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Int J Mol Sci. 2012;13(5):6320-33. doi: 10.3390/ijms13056320. Epub 2012 May 22.

Anti-hyperglycemic effect of chebulagic acid from the fruits of Terminalia chebula Retz.

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  • 1Department of Public Health, Hua Xi Medicinal Center of Sichuan University, Chengdu 610041, China; E-Mails: dir0932@sina.com (Y.-N.H.); gaobo03@scu.edu.cn (B.G.).

Abstract

In the present study, we firstly compared rat intestinal α-glucosidase inhibitory activity by different ethanol-aqueous extractions from the dried fruits of Terminalia chebula Retz. The enzymatic assay showed that the 80% ethanol extract was more potent against maltase activity than both 50% and 100% ethanol extracts. By HPLC analysis, it was determined that the 80% ethanol extract had a higher content of chebulagic acid than each of 50% or 100% ethanol extract. Next, we investigated how efficiently chebulagic acid could inhibit sugar digestion by determining the glucose level on the apical side of the Caco-2 cell monolayer. The result showed that the maltose-hydrolysis activity was down-regulated by chebulagic acid, which proved to be a reversible inhibitor of maltase in Caco-2 cells. On the other hand, chebulagic acid showed a weak inhibition of sucrose-hydrolysis activity. Meanwhile, chebulagic acid did not have an obvious influence on intestinal glucose uptake and was not effective on glucose transporters. Further animal studies revealed that the oral administration of chebulagic acid (100 mg/kg body weight) significantly reduced postprandial blood glucose levels by 11.1% in maltose-loaded Sprague-Dawley (SD) rats compared with the control group, whereas the oral administration of chebulagic acid did not show a suppressive effect on postprandial hyperglycemia in sucrose- or glucose-loaded SD-rats. The results presented here suggest that chebulagic acid from T. chebula can be used to control blood glucose and manage type 2 diabetes, although clinical trials are needed.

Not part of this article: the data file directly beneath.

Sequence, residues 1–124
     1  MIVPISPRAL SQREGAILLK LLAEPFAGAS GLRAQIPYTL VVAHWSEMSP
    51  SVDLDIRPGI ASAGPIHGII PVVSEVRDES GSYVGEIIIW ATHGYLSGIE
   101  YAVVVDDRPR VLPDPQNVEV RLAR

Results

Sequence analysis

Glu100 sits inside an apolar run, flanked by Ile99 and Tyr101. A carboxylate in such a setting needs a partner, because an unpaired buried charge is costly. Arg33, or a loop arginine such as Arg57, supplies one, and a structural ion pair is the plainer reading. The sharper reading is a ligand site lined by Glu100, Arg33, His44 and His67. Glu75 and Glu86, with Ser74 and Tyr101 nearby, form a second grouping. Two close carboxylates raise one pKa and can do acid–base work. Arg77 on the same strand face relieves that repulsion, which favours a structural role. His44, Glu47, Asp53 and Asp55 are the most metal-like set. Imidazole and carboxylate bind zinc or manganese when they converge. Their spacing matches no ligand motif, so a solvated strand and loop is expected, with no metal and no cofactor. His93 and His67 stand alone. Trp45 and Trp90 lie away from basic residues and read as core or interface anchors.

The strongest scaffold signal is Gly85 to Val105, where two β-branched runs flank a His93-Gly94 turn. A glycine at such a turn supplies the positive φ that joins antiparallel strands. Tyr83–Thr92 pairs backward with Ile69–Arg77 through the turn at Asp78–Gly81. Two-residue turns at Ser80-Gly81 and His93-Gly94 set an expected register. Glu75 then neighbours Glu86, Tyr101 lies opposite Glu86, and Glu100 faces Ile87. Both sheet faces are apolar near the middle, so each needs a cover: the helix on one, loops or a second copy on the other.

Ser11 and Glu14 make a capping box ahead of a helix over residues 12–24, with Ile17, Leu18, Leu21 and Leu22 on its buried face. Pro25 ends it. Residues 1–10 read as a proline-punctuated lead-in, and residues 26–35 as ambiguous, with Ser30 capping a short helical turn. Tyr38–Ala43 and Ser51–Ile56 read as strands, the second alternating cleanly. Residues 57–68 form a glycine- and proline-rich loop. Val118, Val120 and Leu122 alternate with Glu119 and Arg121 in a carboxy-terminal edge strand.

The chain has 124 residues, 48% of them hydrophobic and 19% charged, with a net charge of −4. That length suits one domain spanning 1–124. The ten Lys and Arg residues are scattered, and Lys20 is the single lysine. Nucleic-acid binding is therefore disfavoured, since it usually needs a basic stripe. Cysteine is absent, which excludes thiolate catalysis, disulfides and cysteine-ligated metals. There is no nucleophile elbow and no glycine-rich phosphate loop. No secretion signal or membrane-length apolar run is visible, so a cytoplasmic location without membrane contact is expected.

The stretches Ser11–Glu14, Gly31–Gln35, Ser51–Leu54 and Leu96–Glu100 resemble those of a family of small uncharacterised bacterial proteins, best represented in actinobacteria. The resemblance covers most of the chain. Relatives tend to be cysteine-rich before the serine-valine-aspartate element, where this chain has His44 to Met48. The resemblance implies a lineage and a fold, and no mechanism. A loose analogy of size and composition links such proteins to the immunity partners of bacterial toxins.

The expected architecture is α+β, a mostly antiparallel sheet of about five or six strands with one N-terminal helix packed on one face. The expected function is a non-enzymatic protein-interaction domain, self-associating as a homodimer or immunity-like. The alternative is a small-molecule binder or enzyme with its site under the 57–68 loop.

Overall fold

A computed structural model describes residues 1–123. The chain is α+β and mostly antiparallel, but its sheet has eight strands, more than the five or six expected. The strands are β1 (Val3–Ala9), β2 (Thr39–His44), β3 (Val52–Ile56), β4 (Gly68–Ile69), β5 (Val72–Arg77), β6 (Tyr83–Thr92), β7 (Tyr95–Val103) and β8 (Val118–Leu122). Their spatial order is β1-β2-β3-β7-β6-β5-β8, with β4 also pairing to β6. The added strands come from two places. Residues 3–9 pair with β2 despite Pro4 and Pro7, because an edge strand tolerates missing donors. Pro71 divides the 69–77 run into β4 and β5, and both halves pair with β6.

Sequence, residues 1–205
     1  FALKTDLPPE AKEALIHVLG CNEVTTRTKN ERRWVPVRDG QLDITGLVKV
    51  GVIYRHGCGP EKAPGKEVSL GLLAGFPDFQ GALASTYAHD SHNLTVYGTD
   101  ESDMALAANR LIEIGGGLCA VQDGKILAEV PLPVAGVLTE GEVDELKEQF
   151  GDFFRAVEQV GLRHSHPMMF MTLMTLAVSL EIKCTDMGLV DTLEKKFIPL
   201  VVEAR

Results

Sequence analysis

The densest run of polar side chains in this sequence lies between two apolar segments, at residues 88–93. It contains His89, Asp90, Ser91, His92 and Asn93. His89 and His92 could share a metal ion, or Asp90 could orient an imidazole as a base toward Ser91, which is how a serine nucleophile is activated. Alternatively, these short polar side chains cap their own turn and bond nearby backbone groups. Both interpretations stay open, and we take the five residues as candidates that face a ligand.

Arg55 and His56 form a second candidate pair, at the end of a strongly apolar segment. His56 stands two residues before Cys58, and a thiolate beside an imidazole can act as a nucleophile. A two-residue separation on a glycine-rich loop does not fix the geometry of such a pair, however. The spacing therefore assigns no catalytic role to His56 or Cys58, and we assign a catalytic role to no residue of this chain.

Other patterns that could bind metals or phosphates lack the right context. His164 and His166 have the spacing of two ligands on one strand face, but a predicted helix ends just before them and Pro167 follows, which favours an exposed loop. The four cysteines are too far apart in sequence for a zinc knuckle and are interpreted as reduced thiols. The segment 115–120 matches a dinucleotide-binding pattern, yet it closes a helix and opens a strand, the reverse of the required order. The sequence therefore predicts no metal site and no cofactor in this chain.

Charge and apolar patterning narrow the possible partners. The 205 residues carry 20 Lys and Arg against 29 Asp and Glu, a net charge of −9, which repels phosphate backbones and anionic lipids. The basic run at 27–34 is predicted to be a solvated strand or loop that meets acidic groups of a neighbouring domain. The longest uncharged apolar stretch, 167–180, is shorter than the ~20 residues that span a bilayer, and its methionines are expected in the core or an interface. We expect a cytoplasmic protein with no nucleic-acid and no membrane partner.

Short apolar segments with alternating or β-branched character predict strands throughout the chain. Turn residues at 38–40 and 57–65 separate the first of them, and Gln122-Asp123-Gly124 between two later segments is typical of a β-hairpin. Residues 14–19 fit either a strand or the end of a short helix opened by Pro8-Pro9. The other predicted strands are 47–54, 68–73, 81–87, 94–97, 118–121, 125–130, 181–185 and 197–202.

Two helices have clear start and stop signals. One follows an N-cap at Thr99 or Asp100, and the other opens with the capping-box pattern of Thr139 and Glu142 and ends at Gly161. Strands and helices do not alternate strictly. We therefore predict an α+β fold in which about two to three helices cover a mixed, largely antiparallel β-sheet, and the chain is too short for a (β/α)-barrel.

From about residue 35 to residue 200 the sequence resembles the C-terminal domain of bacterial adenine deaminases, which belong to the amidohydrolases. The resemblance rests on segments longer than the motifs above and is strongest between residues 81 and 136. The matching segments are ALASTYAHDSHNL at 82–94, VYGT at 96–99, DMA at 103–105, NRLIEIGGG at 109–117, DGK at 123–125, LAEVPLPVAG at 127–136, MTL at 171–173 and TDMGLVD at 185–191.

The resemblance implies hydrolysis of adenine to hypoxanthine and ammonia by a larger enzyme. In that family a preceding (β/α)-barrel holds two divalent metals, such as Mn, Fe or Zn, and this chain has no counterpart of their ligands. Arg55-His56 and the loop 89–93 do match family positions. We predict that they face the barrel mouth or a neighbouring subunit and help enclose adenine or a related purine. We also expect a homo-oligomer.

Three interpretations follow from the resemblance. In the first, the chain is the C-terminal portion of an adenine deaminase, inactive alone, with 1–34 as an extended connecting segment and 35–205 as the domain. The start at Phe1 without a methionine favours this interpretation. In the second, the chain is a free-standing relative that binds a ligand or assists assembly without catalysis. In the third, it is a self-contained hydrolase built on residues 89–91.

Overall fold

KEYWORDS:

Terminalia chebula; anti-hyperglycemia; chebulagic acid; α-glucosidase inhibitor

PMID:
22754367
[PubMed - in process]
PMCID:
PMC3382786
Free PMC Article
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